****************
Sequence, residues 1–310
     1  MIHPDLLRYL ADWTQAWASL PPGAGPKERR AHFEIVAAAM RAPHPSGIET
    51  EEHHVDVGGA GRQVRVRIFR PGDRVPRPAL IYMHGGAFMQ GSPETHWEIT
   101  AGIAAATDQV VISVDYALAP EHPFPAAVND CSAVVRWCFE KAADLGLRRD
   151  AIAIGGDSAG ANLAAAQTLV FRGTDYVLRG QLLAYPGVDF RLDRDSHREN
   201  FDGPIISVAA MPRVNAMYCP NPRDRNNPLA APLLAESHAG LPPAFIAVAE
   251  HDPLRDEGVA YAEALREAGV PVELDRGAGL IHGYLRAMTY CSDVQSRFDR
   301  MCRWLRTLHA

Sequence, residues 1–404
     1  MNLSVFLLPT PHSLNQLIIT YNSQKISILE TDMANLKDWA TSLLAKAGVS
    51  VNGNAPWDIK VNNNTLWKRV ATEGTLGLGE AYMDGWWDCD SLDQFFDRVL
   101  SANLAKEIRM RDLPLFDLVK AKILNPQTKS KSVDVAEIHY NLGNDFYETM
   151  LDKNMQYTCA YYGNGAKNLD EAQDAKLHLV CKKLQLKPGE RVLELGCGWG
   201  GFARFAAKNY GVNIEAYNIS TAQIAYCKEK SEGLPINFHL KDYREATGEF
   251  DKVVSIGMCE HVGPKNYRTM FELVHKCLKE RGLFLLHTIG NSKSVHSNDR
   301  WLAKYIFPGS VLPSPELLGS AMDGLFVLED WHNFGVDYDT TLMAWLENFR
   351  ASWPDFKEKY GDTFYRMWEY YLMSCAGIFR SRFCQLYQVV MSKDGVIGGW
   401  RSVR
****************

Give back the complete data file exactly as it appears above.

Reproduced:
Sequence, residues 1–310
     1  MIHPDLLRYL ADWTQAWASL PPGAGPKERR AHFEIVAAAM RAPHPSGIET
    51  EEHHVDVGGA GRQVRVRIFR PGDRVPRPAL IYMHGGAFMQ GSPETHWEIT
   101  AGIAAATDQV VISVDYALAP EHPFPAAVND CSAVVRWCFE KAADLGLRRD
   151  AIAIGGDSAG ANLAAAQTLV FRGTDYVLRG QLLAYPGVDF RLDRDSHREN
   201  FDGPIISVAA MPRVNAMYCP NPRDRNNPLA APLLAESHAG LPPAFIAVAE
   251  HDPLRDEGVA YAEALREAGV PVELDRGAGL IHGYLRAMTY CSDVQSRFDR
   301  MCRWLRTLHA

Sequence, residues 1–404
     1  MNLSVFLLPT PHSLNQLIIT YNSQKISILE TDMANLKDWA TSLLAKAGVS
    51  VNGNAPWDIK VNNNTLWKRV ATEGTLGLGE AYMDGWWDCD SLDQFFDRVL
   101  SANLAKEIRM RDLPLFDLVK AKILNPQTKS KSVDVAEIHY NLGNDFYETM
   151  LDKNMQYTCA YYGNGAKNLD EAQDAKLHLV CKKLQLKPGE RVLELGCGWG
   201  GFARFAAKNY GVNIEAYNIS TAQIAYCKEK SEGLPINFHL KDYREATGEF
   251  DKVVSIGMCE HVGPKNYRTM FELVHKCLKE RGLFLLHTIG NSKSVHSNDR
   301  WLAKYIFPGS VLPSPELLGS AMDGLFVLED WHNFGVDYDT TLMAWLENFR
   351  ASWPDFKEKY GDTFYRMWEY YLMSCAGIFR SRFCQLYQVV MSKDGVIGGW
   401  RSVR